1 God is indeed good to Israel, to the pure in heart. 2 But as for me, my feet almost slipped; my steps nearly went astray. 3 For I envied the arrogant; I saw the prosperity of the wicked. 4 They have an easy time until they die, and their bodies are well fed. 5 They are not in trouble like others; they are not afflicted like most people. 6 Therefore, pride is their necklace, and violence covers them like a garment. 7 Their eyes bulge out from fatness; the imaginations of their hearts run wild. 8 They mock, and they speak maliciously; they arrogantly threaten oppression. 9 They set their mouths against heaven, and their tongues strut across the earth. 10 Therefore His people turn to them and drink in their overflowing words. 11 The wicked say, “How can God know? Does the Most High know everything?” 12 Look at them—the wicked! They are always at ease, and they increase their wealth. 13 Did I purify my heart and wash my hands in innocence for nothing? 14 For I am afflicted all day long and punished every morning. 15 If I had decided to say these things aloud, I would have betrayed Your people. 16 When I tried to understand all this, it seemed hopeless 17 until I entered God’s sanctuary. Then I understood their destiny. 18 Indeed, You put them in slippery places; You make them fall into ruin. 19 How suddenly they become a desolation! They come to an end, swept away by terrors. 20 Like one waking from a dream, Lord, when arising, You will despise their image. 21 When I became embittered and my innermost being was wounded, 22 I was stupid and didn’t understand; I was an unthinking animal toward You. 23 Yet I am always with You; You hold my right hand. 24 You guide me with Your counsel, and afterward You will take me up in glory. 25 Who do I have in heaven but You? And I desire nothing on earth but You. 26 My flesh and my heart may fail, but God is the strength of my heart, my portion forever. 27 Those far from You will certainly perish; You destroy all who are unfaithful to You. 28 But as for me, God’s presence is my good. I have made the Lord God my refuge, so I can tell about all You do.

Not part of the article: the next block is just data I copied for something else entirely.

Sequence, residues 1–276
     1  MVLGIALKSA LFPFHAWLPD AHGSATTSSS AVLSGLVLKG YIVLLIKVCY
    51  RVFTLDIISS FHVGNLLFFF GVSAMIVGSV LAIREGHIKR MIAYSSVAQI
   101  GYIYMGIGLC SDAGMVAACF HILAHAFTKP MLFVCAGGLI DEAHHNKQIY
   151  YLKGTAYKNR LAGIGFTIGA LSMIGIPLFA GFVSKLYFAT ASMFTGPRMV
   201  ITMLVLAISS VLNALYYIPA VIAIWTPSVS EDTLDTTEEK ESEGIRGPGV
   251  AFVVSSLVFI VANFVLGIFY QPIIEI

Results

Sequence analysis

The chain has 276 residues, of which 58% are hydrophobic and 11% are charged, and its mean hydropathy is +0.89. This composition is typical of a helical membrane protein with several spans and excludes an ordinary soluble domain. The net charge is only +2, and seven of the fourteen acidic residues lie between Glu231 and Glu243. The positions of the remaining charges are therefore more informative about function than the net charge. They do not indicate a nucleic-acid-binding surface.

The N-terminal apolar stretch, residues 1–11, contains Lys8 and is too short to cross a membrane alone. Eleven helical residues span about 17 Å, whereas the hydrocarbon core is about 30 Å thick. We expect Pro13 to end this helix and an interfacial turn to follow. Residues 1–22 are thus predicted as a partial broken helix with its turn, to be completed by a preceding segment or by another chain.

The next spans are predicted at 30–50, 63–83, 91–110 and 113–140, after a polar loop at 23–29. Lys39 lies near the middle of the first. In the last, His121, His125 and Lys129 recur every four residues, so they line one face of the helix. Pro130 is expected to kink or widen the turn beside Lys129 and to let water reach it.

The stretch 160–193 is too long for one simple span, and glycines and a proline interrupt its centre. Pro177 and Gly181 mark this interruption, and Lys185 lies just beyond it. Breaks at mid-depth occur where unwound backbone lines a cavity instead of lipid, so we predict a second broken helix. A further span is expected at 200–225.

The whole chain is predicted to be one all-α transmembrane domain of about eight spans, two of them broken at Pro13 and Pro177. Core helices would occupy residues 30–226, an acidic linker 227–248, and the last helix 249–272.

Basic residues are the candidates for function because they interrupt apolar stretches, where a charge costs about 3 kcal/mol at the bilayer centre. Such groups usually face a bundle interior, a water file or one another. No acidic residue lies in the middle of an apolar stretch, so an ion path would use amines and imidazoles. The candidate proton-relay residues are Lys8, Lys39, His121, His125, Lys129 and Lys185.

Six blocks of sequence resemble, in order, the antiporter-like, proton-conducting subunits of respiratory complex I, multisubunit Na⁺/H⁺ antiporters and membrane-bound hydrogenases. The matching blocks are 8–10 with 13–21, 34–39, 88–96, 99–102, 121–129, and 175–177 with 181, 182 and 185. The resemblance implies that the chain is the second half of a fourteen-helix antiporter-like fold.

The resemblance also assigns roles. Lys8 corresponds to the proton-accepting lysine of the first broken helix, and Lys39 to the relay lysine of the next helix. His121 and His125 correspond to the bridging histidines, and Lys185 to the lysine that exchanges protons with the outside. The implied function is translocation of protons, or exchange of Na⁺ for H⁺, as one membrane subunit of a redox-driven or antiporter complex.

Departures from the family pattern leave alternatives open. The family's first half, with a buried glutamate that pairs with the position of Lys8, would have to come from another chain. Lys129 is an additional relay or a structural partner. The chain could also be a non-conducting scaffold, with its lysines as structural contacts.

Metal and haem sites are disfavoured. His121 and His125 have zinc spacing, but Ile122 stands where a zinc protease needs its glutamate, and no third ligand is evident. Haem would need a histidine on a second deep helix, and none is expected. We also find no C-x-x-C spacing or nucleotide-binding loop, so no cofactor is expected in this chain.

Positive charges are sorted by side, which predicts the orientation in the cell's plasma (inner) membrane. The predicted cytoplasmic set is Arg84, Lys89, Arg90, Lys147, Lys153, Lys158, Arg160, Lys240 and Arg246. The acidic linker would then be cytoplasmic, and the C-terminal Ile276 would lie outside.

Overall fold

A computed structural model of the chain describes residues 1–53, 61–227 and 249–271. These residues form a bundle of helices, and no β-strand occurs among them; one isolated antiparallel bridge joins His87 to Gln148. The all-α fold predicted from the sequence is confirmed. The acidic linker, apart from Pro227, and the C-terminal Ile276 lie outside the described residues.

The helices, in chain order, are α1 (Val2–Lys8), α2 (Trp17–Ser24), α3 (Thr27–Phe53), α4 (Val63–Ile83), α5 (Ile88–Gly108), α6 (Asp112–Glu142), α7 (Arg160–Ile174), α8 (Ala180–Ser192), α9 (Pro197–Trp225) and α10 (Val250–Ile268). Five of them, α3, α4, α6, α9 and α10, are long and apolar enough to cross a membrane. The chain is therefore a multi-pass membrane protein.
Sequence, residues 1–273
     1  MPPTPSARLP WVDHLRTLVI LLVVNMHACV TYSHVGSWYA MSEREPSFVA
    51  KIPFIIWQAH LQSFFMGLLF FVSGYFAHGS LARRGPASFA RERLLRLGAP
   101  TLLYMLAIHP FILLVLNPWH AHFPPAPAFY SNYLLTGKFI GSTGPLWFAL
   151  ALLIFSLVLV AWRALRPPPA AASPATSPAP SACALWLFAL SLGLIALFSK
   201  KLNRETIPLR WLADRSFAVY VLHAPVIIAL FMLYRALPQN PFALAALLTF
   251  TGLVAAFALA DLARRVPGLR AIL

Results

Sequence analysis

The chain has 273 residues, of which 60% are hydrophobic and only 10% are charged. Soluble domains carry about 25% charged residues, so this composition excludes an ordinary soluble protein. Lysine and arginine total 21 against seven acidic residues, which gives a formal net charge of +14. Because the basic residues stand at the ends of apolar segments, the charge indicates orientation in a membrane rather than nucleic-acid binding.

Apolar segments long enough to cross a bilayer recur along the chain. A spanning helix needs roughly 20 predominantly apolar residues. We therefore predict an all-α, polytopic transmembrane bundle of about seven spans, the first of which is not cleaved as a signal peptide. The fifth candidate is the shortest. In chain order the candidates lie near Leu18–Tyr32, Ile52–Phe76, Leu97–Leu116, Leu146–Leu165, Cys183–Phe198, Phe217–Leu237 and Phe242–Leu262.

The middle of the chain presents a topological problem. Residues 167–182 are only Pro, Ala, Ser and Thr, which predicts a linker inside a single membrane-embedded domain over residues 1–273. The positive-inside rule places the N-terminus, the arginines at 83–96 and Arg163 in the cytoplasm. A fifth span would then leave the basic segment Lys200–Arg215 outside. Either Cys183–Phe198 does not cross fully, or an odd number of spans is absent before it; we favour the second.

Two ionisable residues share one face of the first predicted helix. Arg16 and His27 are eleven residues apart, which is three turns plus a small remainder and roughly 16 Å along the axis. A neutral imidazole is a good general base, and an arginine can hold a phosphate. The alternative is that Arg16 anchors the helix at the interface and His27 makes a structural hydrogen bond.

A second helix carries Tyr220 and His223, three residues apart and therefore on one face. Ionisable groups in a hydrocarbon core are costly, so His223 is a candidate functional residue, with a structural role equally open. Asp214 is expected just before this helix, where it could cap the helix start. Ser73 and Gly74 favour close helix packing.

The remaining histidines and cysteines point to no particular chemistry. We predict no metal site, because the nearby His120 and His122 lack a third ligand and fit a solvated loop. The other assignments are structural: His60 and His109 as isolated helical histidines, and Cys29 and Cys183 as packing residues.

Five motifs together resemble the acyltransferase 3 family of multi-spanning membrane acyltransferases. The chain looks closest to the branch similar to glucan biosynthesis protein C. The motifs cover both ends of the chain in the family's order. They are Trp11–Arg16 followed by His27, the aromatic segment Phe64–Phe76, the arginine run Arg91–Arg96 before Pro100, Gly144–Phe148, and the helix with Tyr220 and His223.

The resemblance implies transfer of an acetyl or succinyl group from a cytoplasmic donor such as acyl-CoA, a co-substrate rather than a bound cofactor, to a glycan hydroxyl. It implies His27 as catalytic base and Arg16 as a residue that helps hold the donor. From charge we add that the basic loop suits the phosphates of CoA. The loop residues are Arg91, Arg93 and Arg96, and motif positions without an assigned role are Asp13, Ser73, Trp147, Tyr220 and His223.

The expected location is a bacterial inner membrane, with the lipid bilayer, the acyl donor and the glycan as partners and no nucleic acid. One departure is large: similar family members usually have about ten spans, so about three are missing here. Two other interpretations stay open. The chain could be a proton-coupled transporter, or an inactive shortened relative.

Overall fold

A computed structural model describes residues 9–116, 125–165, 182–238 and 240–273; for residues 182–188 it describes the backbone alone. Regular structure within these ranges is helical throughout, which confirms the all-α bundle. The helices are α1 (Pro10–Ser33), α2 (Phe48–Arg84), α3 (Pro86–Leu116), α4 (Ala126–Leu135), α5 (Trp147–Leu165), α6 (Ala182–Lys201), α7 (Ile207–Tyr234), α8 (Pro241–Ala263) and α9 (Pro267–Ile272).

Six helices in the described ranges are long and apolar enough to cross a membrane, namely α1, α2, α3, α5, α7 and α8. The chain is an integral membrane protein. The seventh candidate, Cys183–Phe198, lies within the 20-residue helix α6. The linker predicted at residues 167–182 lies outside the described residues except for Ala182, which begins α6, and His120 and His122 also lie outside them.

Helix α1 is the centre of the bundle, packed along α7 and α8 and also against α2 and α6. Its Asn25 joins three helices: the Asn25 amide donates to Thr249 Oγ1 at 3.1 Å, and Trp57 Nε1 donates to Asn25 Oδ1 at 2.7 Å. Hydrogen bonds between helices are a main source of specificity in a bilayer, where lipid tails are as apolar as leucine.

Unless otherwise noted, all Scripture quotations are taken from the Holman Christian Standard Bible®, Copyright © 1999, 2000, 2002, 2003, 2009 by Holman Bible Publishers. Used by permission. Holman Christian Standard Bible®, Holman CSB®, and HCSB® are federally registered trademarks of Holman Bible Publishers.
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Asaph admits from the beginning what I had only voiced in my own heart – I was “envious of the arrogant as I saw the prosperity of the wicked” (v.3). For the next nine verses (vv.4-12) he describes “them” exactly as I saw “them,” as a young man desirous of success and the good life God was surely going to bestow on me. I mean, I was doing and saying all the right things. Surely being a Christian would at least minimize my troubles and help me realize my ambitions in life.
Asaph continues to speak my own heart when in verse 13 he begins to question his own faith, and he backs me up even more in verse 14 by lamenting, “Why am I having all these troubles when the evil seem to prosper with such ease?” He was serving God; they were not. It wasn’t fair!